Steve Gibson & Stefan Müller Arisona – Virtual VJ

Virtual VJ uses the tracking capabilities of the Gesture and Media System – invented by APR of Edmonton, Canada – to allow two or more users to use space as an audio and video performance tool. Users literally wave their arms and new audio and video loops are triggered and sound and image filters are dynamically altered in real-time. Virtual VJ is a prototype for a new type of club-based performance, and can be used by anyone from the musical neophyte to the expert performer. Video and audio changes are precisely mapped so that users can intuitively find spatial correspondences between the two mediums and vary their performance on a personal level depending on their movements and aesthetic choices.
Virtual VJ will be first performed by two “rehearsed” performers and after this audience members will be invited to take the trackers and have their own individual performance. This performance scenario allows the audience users to be simultaneously grounded by seeing the results of the initial performance, but also allows a great deal of control in that they may vary their performance any way they see fit. The key conceptual idea that will be explored is the idea of cooperation and the sense of personal space in ephemeral, virtual systems. Audience members will be allowed to interact in whatever manner they chose, but at the same time noticeable results will be produced as they inhabit similar spaces, encouraging them to cooperate with each in order to produce dramatic audio-visual results.
Virtual VJ is currently under development and will be complete in Spring 2011. Documentation for Virtual DJ is widely available on-line. The following links will provide a suitable overview of Virtual DJ and will provide the conceptual and technical background to understand how Virtual VJ will function.
Full Documentation
Solo Performance with video added by Corebounce (Stefan Müller Arisona and Simon Schubiger)
General video examples
Still images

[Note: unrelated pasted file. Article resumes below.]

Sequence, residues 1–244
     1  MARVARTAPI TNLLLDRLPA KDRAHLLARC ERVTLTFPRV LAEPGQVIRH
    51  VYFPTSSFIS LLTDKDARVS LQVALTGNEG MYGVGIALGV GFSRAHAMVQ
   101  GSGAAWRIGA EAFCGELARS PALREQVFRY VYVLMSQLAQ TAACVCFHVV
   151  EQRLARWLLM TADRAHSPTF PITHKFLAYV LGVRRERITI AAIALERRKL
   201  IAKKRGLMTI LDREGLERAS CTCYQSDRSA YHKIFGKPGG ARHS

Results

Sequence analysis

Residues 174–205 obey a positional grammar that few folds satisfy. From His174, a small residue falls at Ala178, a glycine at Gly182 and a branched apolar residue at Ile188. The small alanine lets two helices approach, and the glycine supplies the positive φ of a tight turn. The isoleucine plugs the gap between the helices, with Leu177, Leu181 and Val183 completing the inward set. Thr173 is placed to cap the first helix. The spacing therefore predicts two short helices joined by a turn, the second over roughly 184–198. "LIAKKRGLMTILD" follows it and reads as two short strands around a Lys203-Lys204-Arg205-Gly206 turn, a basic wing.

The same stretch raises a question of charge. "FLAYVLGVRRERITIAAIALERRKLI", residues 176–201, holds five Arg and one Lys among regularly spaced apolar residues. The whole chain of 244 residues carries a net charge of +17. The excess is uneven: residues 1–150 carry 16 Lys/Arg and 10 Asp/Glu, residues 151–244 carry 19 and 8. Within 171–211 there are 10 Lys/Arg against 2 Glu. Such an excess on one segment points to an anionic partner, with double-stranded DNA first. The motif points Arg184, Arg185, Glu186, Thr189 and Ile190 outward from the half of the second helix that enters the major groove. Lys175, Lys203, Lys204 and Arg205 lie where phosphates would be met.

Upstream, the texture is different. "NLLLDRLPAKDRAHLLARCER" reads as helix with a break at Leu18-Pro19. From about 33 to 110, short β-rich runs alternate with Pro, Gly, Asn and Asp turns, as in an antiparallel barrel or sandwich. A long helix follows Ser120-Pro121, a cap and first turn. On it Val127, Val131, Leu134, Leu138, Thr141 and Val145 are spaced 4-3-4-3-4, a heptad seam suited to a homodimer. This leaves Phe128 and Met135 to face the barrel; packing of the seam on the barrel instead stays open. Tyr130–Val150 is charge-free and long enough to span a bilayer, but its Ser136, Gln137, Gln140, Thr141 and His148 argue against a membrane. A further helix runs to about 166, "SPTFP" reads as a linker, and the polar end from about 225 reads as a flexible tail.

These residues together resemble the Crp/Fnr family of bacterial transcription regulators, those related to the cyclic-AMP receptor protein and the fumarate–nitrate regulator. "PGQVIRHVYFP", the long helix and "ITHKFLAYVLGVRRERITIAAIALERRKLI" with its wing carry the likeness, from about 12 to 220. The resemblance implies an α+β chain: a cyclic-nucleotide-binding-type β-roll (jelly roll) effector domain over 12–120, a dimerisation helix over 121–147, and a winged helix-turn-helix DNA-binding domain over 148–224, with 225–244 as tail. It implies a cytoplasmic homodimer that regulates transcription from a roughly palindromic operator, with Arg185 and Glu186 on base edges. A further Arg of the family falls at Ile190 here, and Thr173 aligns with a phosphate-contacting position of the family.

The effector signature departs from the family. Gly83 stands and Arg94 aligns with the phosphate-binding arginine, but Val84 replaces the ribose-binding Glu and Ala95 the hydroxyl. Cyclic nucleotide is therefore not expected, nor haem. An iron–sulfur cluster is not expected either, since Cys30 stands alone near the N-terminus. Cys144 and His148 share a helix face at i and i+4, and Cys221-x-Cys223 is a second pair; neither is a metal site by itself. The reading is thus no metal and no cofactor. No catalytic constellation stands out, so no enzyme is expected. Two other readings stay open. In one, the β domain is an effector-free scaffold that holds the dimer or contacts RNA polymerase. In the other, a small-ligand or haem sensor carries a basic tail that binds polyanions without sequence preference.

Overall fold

Sound, 3D motion-tracking and programming by Steve Gibson.
Video and programming by Stefan Müller Arisona.

Steve Gibson is a Canadian media artist, interface designer and media curator. He completed his Ph.D. at SUNY Buffalo, where he studied music composition and electronic music. He was also a postdoctoral researcher in media and technology at Concordia University in Montréal. He currently serves as Senior Lecturer in Interactive Media Design at Northumbria University. He was curator for the Media Art event Interactive Futures from 2002-07 and currently serves as co-Director of Digital Art Weeks (ETH Zurich).
Influenced by a diverse body of art and popular movements his work fuses electronica, immersive art, game art, montage and post-minimalism. He works in a range of media, from live electronic music to immersive and physical installation. His works have been presented in such venues as: Ars Electronica; the Whitney Museum of American Art; Banff Centre for the Arts; the European Media Arts Festival; ISEA; 4 & 6CyberConf. He recently co-edited a volume entitled Transdisciplinary Digital Art which was published by Springer. Personal website:

Stefan Müller Arisona is a computer scientist and artist with main interests at the intersections of science, art and technology. His research focuses on interactive and generative design tools, on computer-assisted techniques for architectural and urban modelling and simulation, and on real-time multimedia systems. Stefan was visiting researcher at IRCAM Centre Pompidou (2003), received his PhD from the University of Zurich in 2004, and was a post-doctoral fellow at ETH Zurich (2005 – 2007) and UC Santa Barbara (2007 – 2008). Since 2008 he is a senior researcher at ETH Zurich and recently became a principal investigator at ETH’s Future Cities Laboratory in Singapore. Stefan has been the scientific chair of ETH Zurich’s Digital Art Weeks since 2005, an annual symposium and festival that explores new movements in digital art. As an artist, DJ, and VJ, he has performed internationally and his artworks have appeared worldwide at renowned venues such as Zurich’s Cabaret Voltaire or the Ars Electronica Center in Linz. URL:

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